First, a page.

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Scenario 2 does not require any hourly rounding or documenting of pain scores. This is how we have billed in both practices I've worked for, and I never charted any vitals or anything else aside from the vitals for the time I was in the room and then the post-anesthesia time vitals.
Our billing company won't bill for this. You might look into whether you get reimbursed for it. Not saying you don't; just different than my experience. Devil's advocate point: what "service" are you billing for if you aren't seeing the patient/"managing the epidural"? An analagous situation is a peripheral nerve catheter or epidural for post-op pain control. You only get to bill for those by rounding on the patient daily and documenting your management/plan., not just "letting it ride".
 

B-Bone

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There are other ways it can be billed. There are places where you get a set number of units regardless of time, for example 10 units. Also, it can be billed for more than 1 unit per hour.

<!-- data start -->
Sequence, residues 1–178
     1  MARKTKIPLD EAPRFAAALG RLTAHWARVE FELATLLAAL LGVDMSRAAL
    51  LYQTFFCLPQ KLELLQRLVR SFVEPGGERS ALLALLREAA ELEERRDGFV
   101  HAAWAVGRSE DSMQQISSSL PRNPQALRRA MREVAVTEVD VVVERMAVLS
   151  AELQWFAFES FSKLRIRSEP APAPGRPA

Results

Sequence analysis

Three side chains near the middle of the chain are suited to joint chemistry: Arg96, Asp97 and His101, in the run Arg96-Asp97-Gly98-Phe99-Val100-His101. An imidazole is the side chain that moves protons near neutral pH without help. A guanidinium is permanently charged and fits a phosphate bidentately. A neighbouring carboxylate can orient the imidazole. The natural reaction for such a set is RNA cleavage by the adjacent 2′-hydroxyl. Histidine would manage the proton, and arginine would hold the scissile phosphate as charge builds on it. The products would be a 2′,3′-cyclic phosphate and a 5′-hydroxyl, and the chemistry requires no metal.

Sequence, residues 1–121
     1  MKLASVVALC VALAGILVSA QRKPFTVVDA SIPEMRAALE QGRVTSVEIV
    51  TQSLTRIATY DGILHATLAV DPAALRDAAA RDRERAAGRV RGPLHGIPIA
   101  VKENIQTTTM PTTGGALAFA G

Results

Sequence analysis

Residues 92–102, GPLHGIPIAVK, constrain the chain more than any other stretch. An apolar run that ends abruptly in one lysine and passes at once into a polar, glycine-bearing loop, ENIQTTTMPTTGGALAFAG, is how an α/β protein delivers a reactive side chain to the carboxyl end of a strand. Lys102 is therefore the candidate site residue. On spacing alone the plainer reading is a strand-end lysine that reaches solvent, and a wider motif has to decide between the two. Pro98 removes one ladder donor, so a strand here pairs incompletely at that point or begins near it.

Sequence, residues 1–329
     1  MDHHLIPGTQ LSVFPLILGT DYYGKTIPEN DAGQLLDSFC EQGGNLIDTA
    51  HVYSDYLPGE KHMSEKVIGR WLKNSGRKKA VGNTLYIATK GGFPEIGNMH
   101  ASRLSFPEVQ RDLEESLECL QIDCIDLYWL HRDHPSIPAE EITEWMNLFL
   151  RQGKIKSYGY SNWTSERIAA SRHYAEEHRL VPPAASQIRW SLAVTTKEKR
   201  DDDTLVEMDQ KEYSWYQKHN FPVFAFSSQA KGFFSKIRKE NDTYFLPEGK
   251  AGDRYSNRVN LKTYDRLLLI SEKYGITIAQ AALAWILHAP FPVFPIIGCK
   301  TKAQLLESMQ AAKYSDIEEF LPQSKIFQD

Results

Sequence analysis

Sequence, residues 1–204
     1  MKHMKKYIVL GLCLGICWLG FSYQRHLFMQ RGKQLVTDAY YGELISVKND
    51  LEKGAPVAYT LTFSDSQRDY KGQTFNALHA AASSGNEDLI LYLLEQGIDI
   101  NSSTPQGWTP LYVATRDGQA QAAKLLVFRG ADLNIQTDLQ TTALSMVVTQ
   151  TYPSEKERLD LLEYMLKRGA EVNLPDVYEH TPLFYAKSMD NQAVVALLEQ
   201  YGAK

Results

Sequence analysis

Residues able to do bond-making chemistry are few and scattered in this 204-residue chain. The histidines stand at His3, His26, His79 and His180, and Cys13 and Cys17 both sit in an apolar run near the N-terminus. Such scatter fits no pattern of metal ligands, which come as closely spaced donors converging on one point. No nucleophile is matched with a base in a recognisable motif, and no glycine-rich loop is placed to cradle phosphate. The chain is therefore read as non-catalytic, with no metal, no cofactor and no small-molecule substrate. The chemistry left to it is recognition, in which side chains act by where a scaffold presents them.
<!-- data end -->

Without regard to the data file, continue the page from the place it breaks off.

We should make a disctinction between what you can "bill for" and what will be reimbursed. Basically you can send out a bill for whatever you want. Each payor has its own criteria for what they will reimburse, which can vary wildly among payor, and even within payors to different groups/billing companies (i.e. some larger groups -think AMCs- get reimbursed at higher rates than others). Here's an example from my state (see page 6 for labor epidurals):

https://www.bluecrossmn.com/healthy/public/portalcomponents/PublicContentServlet?contentId=P11GA_12332857

This lists the services that BCBS will reimburse for. They don't give rates, because different entities negotiate different rates for the same service.
 

KurtBrie

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The short answer is "it depends on your contracts"

Here are some different ways our billing works with different companies etc.